Nikita Kazakov
Nikita Kazakov
1 min read


After watching my few week-old newborn for 7 hours, I was drained. I’m not going to sugarcoat it — I was going through hell as he was fussing, crying, and intermittently sleeping.

After two weeks of agony, I woke up one morning and had very little to give. I was running on empty and put my in-ear noise isolating ear buds and kept them on for the entire 7 hours to muffle the loud sounds.

To my surprise, after the shift ended, I wasn’t drained as before. I still had energy to lift weights afterwards.

Baby cries and screams evoke anxiety, depression, helplessness, anger and frustration in parents. It causes some parents to overreact and apply harsher discipline towards their kids. I don’t want to overreact.

I figured out that I had sensitive hearing and that baby cries were messing with my nervous system. I was overstimulated at the end of my shifts. I feel the same when I go to Las Vegas for three days. The noise and overactivity saps my energy.

Earbuds or noise cancelling headphones lower the volume of crying. I still hear the baby but I no longer panic or wince. I respond intentionally rather than from dismay. Other parents on Reddit came to a similar conclusion. Here’s another post where more people confirm that earbuds saved their sanity.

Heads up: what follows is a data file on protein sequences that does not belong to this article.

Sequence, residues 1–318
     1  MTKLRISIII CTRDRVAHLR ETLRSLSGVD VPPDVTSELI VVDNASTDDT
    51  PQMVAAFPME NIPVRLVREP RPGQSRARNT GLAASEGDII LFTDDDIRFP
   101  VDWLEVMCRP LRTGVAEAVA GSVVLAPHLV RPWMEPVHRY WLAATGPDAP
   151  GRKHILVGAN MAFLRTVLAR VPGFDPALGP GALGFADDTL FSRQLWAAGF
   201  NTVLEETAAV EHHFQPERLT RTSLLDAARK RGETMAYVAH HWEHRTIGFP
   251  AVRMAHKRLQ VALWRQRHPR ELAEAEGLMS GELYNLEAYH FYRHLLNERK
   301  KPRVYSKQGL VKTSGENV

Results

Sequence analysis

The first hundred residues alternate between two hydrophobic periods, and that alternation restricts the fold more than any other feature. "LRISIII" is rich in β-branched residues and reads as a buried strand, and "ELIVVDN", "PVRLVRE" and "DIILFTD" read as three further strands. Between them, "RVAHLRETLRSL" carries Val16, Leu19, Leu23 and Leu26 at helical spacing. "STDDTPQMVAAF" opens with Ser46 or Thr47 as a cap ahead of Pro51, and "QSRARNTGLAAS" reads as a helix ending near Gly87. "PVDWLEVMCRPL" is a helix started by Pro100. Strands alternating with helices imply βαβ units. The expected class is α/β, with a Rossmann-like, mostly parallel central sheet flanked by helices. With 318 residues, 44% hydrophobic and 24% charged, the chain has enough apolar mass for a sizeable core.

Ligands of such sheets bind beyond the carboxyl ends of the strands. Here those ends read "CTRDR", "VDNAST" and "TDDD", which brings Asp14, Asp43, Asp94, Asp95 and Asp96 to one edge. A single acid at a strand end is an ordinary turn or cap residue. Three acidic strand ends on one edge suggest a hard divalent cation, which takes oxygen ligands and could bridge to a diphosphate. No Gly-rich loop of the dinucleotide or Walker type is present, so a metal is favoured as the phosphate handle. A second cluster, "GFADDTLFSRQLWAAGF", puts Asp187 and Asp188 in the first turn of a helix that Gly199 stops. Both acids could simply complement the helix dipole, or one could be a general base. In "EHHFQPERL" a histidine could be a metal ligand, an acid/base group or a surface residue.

My partner is not sensitive to the loudness of crying as I am. There’s no shame in using earbuds and I’m going to continue doing that.

What I use

I use the Symphonized NRG 2.0 Wood Earbuds as I’ve been using them for years. I replaced the silicone tips with these small sized memory foam tips for better in-ear noise isolation. It’s a comfortable set up and I’m able to keep them in my ears the entire shift.

I might upgrade to bluetooth noise-cancelling headphones in the future as the baby’s lungs get stronger and his cries grow louder.

If I wasn’t going to listen to music, I’d get Etymotic ER20’s. Regular cheap soft earplugs also work but they are less comfortable.